Switzerland, Iceland, and Norway stand out as the best countries for retirees, according to a French finance company called Natixis, which prepares a comprehensive survey of retirement conditions in 43 countries, called the Global Retirement Index (GRI). This year Scandinavia ranks on the Top 10 List of Best Countries for Retirement.
During his first TV debate with Hillary Clinton for the Democratic nomination, Sen. Bernie Sanders remarked: “We should look to countries like Denmark, Sweden and Norway and learn from what they have accomplished for their working people.” Clinton didn’t buy it. “We are not Denmark,” she replied.
Scandinavia ranks on the Top 10 List of Best Countries for Retirement
Of course, she was right. The rest of the world is not Scandinavia but is there something to learn from the Nordic countries? The Natixix index is based on four metrics measuring conditions for retirees. Most heavily weighted is financing of pensions, but to paint a more holistic picture the index is also based on the factors: material well-being, health and quality of life. The study is called the Global Retirement Index (GRI).
In the past few years, Norway, in particular, has made a few smart changes to its retirement system that have been a huge help to its residents and to its employers. Norway was No. 1 in the 2016 GRI, this year No. 3 after Switzerland and Iceland. On the whole, the Nordic countries seem swell places to retire.
Scandinavia does well on the 2018 GRI Index
Both Norway and its neighboring countries Iceland, Denmark, and Sweden, do well on the 2018 GRI index. Norway has a government-provided retirement pension along the lines of Social Security. But in 2011, the country did something pretty clever that went beyond it. Norway overhauled its private-sector pension system known as AFP to encourage older Norwegians to stay employed.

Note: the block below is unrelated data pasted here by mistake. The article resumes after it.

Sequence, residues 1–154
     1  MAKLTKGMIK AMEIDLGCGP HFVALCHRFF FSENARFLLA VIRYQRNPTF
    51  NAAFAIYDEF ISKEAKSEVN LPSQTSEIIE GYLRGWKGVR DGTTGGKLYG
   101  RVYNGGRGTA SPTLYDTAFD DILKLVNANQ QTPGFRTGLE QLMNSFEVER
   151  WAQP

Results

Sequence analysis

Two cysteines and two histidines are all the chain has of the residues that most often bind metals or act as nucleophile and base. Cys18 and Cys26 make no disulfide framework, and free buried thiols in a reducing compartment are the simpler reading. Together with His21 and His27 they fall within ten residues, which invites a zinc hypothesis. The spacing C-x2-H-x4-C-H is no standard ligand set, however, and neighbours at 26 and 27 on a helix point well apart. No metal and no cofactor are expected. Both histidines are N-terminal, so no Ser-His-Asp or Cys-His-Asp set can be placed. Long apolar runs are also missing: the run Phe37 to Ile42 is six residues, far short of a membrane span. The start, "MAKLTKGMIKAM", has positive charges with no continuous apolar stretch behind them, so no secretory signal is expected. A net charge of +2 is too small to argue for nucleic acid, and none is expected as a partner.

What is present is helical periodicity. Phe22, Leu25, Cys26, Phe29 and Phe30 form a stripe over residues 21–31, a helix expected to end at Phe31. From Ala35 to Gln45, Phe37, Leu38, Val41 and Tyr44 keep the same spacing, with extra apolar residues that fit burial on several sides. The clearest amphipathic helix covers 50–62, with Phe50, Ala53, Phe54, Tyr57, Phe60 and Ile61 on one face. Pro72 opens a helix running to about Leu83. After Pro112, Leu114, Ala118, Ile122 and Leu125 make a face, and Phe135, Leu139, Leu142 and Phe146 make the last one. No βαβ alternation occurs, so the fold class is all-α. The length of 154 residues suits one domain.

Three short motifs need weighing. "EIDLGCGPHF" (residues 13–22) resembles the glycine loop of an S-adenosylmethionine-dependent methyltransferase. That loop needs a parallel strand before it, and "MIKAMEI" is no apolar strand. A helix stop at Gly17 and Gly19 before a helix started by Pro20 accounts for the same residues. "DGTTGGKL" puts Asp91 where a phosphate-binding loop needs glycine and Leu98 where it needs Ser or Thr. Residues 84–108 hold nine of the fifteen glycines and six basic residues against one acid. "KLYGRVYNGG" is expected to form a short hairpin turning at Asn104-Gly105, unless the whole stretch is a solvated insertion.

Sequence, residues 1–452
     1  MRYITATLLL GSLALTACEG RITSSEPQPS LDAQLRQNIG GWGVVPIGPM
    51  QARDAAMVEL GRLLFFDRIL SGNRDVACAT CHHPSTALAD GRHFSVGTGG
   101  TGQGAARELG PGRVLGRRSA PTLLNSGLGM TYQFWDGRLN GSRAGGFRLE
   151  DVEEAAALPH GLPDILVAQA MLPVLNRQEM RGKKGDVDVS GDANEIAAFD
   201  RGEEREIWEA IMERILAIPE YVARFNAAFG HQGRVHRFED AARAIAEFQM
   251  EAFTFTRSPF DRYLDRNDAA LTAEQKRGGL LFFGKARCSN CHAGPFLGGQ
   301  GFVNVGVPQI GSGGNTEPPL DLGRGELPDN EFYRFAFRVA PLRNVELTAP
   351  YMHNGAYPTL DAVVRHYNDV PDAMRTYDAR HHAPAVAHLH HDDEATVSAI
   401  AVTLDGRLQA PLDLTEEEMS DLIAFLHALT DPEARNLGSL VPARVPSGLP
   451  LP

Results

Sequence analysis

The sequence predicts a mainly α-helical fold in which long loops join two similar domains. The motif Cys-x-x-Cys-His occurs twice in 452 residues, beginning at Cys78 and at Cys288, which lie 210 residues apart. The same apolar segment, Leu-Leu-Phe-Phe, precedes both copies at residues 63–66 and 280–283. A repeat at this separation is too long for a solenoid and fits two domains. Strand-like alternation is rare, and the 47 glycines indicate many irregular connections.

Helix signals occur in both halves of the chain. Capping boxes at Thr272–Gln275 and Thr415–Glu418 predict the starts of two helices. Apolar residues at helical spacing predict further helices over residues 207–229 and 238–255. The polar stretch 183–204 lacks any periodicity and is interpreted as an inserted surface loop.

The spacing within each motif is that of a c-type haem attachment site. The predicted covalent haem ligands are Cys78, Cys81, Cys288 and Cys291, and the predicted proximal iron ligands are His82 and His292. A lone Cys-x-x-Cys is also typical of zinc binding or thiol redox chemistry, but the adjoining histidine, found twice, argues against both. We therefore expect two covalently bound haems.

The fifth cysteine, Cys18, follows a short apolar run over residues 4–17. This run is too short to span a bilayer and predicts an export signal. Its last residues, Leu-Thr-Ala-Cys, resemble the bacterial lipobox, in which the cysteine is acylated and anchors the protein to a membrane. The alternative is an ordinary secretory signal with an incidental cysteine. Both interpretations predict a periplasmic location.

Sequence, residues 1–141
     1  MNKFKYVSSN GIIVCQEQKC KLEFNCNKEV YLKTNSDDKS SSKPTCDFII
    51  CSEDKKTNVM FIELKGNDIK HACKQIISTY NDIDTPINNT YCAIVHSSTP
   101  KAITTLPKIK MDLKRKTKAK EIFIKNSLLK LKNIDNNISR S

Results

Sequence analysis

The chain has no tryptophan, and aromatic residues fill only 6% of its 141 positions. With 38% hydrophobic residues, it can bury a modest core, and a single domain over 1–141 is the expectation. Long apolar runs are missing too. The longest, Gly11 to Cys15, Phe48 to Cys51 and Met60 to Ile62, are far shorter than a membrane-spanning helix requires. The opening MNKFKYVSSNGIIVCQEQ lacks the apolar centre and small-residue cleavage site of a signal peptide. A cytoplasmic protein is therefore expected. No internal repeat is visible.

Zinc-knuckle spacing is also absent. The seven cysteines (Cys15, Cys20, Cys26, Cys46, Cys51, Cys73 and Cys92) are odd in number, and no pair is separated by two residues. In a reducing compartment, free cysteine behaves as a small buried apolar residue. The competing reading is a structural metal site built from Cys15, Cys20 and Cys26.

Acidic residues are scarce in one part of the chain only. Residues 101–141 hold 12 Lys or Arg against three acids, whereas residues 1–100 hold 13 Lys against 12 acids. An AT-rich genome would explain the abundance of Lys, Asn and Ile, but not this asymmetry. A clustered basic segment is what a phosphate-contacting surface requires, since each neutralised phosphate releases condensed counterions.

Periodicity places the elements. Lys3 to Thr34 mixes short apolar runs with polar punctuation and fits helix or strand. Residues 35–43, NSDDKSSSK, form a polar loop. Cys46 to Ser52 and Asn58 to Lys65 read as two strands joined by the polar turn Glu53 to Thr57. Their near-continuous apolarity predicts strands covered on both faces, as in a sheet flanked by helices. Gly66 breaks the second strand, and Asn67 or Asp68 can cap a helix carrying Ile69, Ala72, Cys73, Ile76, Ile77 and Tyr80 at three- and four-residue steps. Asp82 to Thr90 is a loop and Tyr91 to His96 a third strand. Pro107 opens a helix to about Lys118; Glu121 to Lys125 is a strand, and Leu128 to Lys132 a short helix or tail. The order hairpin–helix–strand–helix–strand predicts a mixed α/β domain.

John Hailer, CEO of Natixis Asset Management explains that the old system for retirement has become outdated: “The demographic and economic development has made the old model unsustainable. The countries that are leading our index have succeeded in finding innovative ways to adapt to the new reality and are thereby laying a foundation for the rest of the world.”
If state finances were the only measure of how well future retirees could expect their golden years to play out, countries such as Singapore, Chile, South Korea, and Estonia, would be as high on the GRI as Scandinavia. But they are not. Much of this is due to the fact that retirees in the Nordic countries have a generally high quality of life.
Related: Norwegian Politics for Dummies
Norway is saving for the future
Only three countries across the Western world have reduced government debt (as a share of GDP) after the financial crisis ten years ago. These are Norway, Switzerland, and Israel.
Only Norway is saving for the future. Norway is in a unique situation with its vast pension fund, commonly called the “Oil Fund”. The oil fund is so big that it could have repaid Greece’s huge sovereign debt more than three times over.
In addition, Norwegian politicians have been very careful with the fund and retirement savings. Researchers who have studied this give former Norwegian prime minister and current NATO Secretary General Jens Stoltenberg a great deal of credit because he set the stage for the creation of a more sustainable pension system during his tenure that reduces the burden on young people of the future.
What is the Global Retirement Index?
The Global Retirement Index was compiled in May 2018 by Natixis Investment Managers and CoreData Research. The Index includes International Monetary Fund advanced economies, members of the Organization for Economic Co-operation and Development and the BRIC countries (Brazil, Russia, India and China). The researchers calculated a mean score in each category and combined the category scores for a final overall ranking of the 43 nations studied.
2018 Global Retirement Index
5. New Zealand
Scandinavia on Top 10 List of Best Countries for Retirement, written by Tor Kjolberg